Attack Vectors: Domain Name System Security Facilitation Initiative Technical Study Group Update
Over the past few months, the Domain Name System Security Facilitation Initiative Technical Study Group (DSFI-TSG) has progressed its work by discussing various past breaches and attack campaigns that either utilized or directly impacted the Domain Name System (DNS). The primary focus of this inquiry has been to enumerate all of the attack vectors utilized to gain insights into potential commonalities. Some of the issues we are considering are whether any attack vectors are utilized more frequently than others and which attack vectors have the most impact on DNS ecosystem security.
While this list is not inclusive to all of the attack vectors under discussion, it includes:
Registrant credential compromise
Registrar/reseller credential compromise
Registry credential compromise
Inadequate access control
Insecure third-party networks
Impersonating an authoritative name server
Impersonating a recursive resolver
Use of DNS as a covert channel
Use of DNS as data exfiltration
Denial of service
DNS cache poisoning
Many malicious campaigns utilize a multitude of attack vectors. As the DSFI-TSG continues to work through each attack vector, the group is also delving into issues around potential mitigation techniques. Specifically, we are exploring what mitigation techniques exist for each attack vector; whether there are technical, operational, or process gaps in mitigation deployments; and where mitigation techniques do not exist.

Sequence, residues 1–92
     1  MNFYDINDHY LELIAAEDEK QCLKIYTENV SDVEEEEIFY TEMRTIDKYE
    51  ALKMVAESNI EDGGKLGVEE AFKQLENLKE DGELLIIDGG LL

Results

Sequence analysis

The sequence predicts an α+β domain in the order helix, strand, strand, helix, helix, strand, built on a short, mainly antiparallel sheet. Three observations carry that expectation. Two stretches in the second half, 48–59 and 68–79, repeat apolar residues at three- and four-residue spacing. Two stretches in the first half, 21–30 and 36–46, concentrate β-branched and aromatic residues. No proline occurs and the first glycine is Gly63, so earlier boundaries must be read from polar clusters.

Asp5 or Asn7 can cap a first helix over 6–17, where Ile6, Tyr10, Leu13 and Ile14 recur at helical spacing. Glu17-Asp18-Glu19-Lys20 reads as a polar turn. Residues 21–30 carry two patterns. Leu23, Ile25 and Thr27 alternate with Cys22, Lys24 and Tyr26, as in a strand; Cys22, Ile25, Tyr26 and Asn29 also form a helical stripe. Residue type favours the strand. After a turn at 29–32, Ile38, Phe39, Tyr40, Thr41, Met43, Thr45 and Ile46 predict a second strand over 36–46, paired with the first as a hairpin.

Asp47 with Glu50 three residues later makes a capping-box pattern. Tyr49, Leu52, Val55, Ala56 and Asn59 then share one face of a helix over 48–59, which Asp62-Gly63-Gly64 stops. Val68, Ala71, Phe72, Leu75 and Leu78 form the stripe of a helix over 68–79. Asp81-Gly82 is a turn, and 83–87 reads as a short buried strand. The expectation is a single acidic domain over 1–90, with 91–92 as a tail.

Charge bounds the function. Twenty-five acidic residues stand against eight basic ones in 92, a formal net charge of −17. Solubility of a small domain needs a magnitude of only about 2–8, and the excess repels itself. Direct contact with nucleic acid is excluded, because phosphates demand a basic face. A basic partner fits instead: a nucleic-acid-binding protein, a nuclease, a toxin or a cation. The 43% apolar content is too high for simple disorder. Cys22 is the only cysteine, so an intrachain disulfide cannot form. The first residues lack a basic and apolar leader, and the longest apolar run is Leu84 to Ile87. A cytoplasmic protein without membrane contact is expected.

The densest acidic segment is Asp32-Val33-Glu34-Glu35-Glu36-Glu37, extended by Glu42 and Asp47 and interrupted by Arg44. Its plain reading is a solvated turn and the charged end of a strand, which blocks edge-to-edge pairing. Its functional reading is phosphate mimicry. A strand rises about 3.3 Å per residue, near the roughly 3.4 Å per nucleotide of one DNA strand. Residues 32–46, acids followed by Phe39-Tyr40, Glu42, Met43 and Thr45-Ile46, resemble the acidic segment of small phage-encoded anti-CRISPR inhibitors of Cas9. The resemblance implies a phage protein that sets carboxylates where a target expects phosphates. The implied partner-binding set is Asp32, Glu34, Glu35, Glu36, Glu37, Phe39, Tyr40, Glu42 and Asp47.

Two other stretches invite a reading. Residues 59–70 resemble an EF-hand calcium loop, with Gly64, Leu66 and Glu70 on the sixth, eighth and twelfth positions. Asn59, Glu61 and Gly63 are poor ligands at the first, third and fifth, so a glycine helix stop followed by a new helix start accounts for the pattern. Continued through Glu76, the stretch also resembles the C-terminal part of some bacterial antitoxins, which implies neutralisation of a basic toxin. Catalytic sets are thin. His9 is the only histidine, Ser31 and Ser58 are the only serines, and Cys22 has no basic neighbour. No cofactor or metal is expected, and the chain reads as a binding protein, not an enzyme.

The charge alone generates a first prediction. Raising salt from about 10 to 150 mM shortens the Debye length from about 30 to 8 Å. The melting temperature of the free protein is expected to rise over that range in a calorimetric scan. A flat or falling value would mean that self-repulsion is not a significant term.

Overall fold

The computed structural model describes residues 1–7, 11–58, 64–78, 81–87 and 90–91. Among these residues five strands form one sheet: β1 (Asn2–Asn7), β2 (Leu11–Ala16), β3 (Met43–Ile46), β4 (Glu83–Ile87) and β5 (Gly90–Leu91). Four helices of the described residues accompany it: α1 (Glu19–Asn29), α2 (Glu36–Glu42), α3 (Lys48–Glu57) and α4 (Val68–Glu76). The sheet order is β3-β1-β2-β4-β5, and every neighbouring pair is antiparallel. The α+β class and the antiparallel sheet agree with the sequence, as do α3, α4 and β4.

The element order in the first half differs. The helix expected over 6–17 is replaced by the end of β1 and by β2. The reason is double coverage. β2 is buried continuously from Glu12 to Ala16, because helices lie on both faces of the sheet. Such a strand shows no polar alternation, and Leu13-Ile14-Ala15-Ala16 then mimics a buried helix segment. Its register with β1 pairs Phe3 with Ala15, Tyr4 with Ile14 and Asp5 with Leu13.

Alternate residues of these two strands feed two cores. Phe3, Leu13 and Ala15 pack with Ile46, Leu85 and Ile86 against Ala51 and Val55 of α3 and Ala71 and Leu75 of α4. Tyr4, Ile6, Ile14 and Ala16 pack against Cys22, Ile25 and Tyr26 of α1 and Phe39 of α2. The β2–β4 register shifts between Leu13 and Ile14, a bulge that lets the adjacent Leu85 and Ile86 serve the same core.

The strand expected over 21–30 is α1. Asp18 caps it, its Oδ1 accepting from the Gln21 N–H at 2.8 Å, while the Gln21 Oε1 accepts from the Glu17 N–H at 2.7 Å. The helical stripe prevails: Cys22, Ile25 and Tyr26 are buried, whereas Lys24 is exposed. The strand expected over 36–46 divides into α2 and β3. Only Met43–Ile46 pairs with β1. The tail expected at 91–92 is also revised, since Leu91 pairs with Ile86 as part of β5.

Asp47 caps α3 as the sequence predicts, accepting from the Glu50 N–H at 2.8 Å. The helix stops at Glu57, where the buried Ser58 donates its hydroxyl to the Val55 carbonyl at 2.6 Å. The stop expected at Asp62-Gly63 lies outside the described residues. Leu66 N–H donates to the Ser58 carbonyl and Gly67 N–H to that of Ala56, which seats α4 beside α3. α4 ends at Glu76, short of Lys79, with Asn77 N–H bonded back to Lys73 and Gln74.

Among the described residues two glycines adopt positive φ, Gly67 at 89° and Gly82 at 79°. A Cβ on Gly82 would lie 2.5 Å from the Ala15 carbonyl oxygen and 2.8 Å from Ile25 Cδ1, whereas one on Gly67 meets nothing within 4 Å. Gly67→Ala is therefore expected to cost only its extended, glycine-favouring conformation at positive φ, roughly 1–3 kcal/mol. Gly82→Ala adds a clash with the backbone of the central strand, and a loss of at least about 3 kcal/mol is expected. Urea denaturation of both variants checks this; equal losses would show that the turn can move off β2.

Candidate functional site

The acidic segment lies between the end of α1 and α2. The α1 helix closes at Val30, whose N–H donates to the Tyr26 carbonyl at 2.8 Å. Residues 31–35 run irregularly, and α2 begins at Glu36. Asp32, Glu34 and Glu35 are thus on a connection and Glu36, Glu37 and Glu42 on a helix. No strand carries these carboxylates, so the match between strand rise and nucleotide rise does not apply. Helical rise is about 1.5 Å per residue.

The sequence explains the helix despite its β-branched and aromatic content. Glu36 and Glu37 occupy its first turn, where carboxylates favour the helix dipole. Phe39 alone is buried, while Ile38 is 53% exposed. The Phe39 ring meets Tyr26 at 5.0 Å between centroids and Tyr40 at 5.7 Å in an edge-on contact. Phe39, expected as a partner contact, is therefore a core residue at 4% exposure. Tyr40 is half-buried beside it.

As this part of the work continues, the aim is to start developing answers to questions 1, 2, and 4 of the DSFI-TSG charter’s Key Questions:
1. What are the mechanisms or functions currently available that address DNS security?
2. Can we identify the most critical gaps in the current DNS security landscape?
a) What are the technical requirements needed to address the gaps?
b) What operational best practices need to be developed, modified, promoted, or implemented to address the gaps?
c) What are hindrances to deployments of best practices and other technical measures?
4. What are the risks associated with these gaps that may not be well understood?
a) What are the risk considerations?
b) Where are there gaps in knowledge of the threat models to the DNS ecosystem?
c) What externalities do people need to be aware of?
The DSFI-TSG members and the ICANN org support staff recognize the ongoing challenge of conducting the work without face-to-face meetings. The group conducts its work through one-hour meetings every two weeks, augmented by three-hour online workshops once a month. You can follow our work on our webpage. I want to thank all of the DSFI-TSG contributors and the ICANN org support staff for their continued dedication to this work.